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    Students at Rainbow Creek Elementary School bedazzle parents with Spring musical

    Students at Rainbow Creek Elementary School shocked parents with Spring musical pic 1

    Grade three to five students at Rainbow Creek Elementary School performed Broadway Beat as their Spring musical on May 29, and May 30. The students began learning select songs in September of last year but didn’t start to rehearse songs and lines until the Spring. Photo by Sherri Billingsley

    Grade three to grade five student performers at Rainbow Creek Elementary School had parents leaving in tears after watching their rendition of Broadway Beat on May 29, and May 30.

    “It was amazing. It was outstanding, the student performers did such a good job,” said Rainbow Creek Elementary School Music Teacher Cassandra Martin.

    “Parents and family friends were leaving in tears. I was almost in tears because I was so excited at how much they liked it,” Martin said.

    After the performances, Martin had some parents relating to her how they were shocked at how well their children performed, while other parents told her it was hands down one of the best performances they have ever seen.

    “I had someone comment that the students looked like professional child actors, they were so good,” Martin said.

    To ensure the performances proceeded well, Martin spent countless hours writing scripts, and creating backgrounds, all while teaching her students the songs, and how to act.

    Martin began teaching her students the song “We Go Together” from the musical Grease in September. However, they didn’t fully begin to rehearse until the Spring.

    Any student who didn’t want a speaking part within the musical were able to work only on their songs during class time, while Martin taught the other students some basic drama techniques and how to use the microphones properly.

    This was the first year Martin had students at the grade three, four, and five levels perform solos.

    “The students who had the solos did a phenomenal job,” Martin said.

    She added, coaching and coaxing the students out of their comfort zones to talk and sing loudly, while having the courage to perform on stage in front of their parents was exciting.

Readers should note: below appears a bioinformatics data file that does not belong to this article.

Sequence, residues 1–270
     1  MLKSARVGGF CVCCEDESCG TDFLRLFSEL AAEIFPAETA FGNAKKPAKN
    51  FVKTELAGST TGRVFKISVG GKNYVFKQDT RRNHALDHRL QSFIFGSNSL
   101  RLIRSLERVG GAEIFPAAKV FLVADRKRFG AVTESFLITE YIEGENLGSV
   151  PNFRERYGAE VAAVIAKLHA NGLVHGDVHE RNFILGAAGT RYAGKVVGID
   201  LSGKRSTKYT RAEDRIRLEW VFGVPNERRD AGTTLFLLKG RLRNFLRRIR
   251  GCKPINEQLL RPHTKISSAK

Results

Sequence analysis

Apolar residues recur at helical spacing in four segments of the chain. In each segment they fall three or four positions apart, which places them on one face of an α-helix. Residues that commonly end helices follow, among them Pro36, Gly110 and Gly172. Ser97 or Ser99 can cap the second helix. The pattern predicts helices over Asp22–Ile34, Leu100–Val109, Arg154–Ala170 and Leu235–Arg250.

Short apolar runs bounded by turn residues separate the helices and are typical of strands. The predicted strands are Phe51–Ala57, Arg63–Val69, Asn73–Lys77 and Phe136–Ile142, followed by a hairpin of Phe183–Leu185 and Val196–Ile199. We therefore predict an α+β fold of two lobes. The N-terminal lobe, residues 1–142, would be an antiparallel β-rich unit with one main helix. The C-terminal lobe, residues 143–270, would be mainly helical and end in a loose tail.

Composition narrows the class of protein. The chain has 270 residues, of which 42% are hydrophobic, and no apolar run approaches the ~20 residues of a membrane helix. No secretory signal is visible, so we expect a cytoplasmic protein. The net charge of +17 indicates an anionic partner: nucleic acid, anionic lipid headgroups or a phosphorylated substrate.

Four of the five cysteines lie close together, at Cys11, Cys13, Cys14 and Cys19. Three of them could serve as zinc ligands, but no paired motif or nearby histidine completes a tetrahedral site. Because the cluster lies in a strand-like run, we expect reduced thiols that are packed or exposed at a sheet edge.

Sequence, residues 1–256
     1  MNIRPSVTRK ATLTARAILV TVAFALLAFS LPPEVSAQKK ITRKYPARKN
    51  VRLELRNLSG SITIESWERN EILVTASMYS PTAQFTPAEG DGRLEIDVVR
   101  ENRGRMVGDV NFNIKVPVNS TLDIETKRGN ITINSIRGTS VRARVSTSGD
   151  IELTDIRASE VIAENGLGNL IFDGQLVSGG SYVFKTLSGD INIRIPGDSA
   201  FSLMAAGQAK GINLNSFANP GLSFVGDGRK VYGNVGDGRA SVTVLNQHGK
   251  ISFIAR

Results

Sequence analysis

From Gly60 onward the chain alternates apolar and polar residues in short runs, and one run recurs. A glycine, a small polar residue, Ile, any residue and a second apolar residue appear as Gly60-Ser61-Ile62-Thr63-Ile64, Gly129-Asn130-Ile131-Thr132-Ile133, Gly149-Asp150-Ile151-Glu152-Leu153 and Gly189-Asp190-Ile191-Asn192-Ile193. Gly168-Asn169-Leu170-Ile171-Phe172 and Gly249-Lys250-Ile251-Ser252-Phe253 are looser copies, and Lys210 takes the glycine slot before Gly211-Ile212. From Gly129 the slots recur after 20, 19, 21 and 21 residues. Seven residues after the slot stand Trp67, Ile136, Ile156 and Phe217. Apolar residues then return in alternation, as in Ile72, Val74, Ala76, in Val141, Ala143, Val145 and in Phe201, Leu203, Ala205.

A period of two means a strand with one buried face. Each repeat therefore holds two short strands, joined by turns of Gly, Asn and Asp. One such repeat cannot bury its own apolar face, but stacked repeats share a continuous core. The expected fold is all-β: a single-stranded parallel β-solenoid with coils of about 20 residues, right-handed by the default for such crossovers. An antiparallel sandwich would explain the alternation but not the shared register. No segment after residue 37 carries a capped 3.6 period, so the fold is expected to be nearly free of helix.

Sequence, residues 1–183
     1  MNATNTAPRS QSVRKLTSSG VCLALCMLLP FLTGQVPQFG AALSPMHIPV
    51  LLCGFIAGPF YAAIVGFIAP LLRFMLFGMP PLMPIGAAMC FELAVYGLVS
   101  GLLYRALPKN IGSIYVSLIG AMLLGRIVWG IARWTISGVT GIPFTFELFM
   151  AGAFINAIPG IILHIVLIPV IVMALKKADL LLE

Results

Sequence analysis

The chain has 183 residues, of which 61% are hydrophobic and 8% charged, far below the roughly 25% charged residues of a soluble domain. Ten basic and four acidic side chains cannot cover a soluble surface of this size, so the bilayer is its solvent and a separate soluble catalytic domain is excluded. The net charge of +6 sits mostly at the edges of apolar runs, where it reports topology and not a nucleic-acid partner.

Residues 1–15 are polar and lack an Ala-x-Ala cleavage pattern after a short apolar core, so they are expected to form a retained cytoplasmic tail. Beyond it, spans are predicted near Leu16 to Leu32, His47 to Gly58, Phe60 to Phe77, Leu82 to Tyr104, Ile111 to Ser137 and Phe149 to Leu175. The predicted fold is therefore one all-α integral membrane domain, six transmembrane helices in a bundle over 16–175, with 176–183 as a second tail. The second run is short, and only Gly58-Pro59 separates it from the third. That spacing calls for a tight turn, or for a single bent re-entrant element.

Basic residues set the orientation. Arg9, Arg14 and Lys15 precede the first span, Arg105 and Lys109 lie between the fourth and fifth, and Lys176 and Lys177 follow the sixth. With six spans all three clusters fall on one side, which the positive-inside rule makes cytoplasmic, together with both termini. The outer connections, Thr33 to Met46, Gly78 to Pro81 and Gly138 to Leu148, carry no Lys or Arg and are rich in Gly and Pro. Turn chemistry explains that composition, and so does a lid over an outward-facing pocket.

A hit among parents during the performances was when a student performed a song from Annie as Miss Hannigan.

    “She was a big meanie on stage, and it was hilarious,” Martin said.

    Although the students did emerge out of their comfort zones, getting to that point required many classes.

    The students learned how to perform correctly by being on stage in front of their classmates, who would clap and cheer whenever they did something correctly.

    “In the beginning it was slow, but when the performers realized they were going to get applause when they did it right, they started getting excited. As rehearsals continued it got better and better,” Martin said.

    Despite the long hours Martin put into ensuring the musical was the best it could be, watching the students have fun on stage made all the hard work worth it.

    “Seeing that happen, that’s why we become teachers. Sometimes being a teacher can be hard, but those special moments make it all worth it,” she said.

    Teaching music to students is essential for the brain, Martin added. It creates neuroplasticity in the brain, which allows students to excel in every other area of their life.

    “There is better way to work the brain than music. It activates every area of the brain at the same time,” Martin said.

    Learning music and being involved in the performing arts enhances students’ lives, and it can be used as an outlet in a world of mental maladies, Martin said.

    She added, “It can be a way to express feelings, and it’s a great way to channel and release  energy and emotions.”